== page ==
Title: Dege Black Monkey Mask
Material: Wood, fiber
Description: There are nearly eighty styles of Dogon masks.
For the most part, they all utilize various geometric shapes in
their design, independent of the various animals they represent.
Most masks have stylized features that are often painted or
colored with various pigments. The Dogon continue an
ancient masquerading tradition called "Dama" which
commemorates the origin of death. Dama memorial
ceremonies are held to accompany the deceased into the
ancestral realm and restore order to the universe. In the case
of the dama, the types of masks involved, and other ritual
elements are often specific to one or two villages and may not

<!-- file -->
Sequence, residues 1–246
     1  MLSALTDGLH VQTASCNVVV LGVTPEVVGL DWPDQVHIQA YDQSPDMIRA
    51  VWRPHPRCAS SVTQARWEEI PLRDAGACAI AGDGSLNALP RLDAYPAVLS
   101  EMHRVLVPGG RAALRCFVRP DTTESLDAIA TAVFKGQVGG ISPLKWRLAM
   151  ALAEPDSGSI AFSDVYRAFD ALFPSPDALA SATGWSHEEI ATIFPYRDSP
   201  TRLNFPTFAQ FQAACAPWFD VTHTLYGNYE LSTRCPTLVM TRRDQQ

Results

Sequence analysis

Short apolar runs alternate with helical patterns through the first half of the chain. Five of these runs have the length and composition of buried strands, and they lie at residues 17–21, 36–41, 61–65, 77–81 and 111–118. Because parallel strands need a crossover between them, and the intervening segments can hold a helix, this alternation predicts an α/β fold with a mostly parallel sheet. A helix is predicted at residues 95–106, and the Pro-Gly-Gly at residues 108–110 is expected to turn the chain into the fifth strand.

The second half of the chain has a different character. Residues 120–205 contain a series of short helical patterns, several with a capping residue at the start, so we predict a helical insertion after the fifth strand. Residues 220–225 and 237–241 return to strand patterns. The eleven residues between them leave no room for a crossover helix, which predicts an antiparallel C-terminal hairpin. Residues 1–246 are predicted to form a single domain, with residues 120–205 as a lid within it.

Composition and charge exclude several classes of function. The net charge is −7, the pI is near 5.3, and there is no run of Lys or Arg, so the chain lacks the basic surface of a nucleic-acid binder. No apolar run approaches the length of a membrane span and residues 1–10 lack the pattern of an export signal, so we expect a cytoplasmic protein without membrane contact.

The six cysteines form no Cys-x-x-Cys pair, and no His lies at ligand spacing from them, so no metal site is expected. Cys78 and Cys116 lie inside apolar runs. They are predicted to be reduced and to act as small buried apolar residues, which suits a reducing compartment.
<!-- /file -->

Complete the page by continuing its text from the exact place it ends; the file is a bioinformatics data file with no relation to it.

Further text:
resemble those seen in locations only several miles away. The
masks also appear during baga-bundo rites performed by small
numbers of masqueraders before the burial of a male Dogon.
The better known Kanaga and sirige masks are followed in the
dama ceremony by masks that evoke the behavior of some of
the animals that inhabit the regions where the Dogon live and hunt.
They include among others - antelopes, hares, lions, hyenas, cows,
birds and monkeys.
According to Dogon beliefs, the monkey represents wild, uncivilized,
dangerous, and antisocial behavior ñ the direct opposite of their
beliefs about †the way a proper, solid, upstanding Dogon person is
expected to behave. The Dogon utilize three types of monkey masks
which are identified solely by their color rather than their shape. For the
Dogon, Dege is the black monkey, while the white monkey is known
as Omono, and the red monkey is called Ko.
The myths of all may not be known, but it has been written
that the black monkeys, Dege, are the "male villains of the
bush." The black monkeys stand for wickedness, gluttony
and must not be emulated because it is the antithesis of the
Dogon order (Sieber & Walker 1987, p. 134).13" h x 6 1/2" w x 4" Depth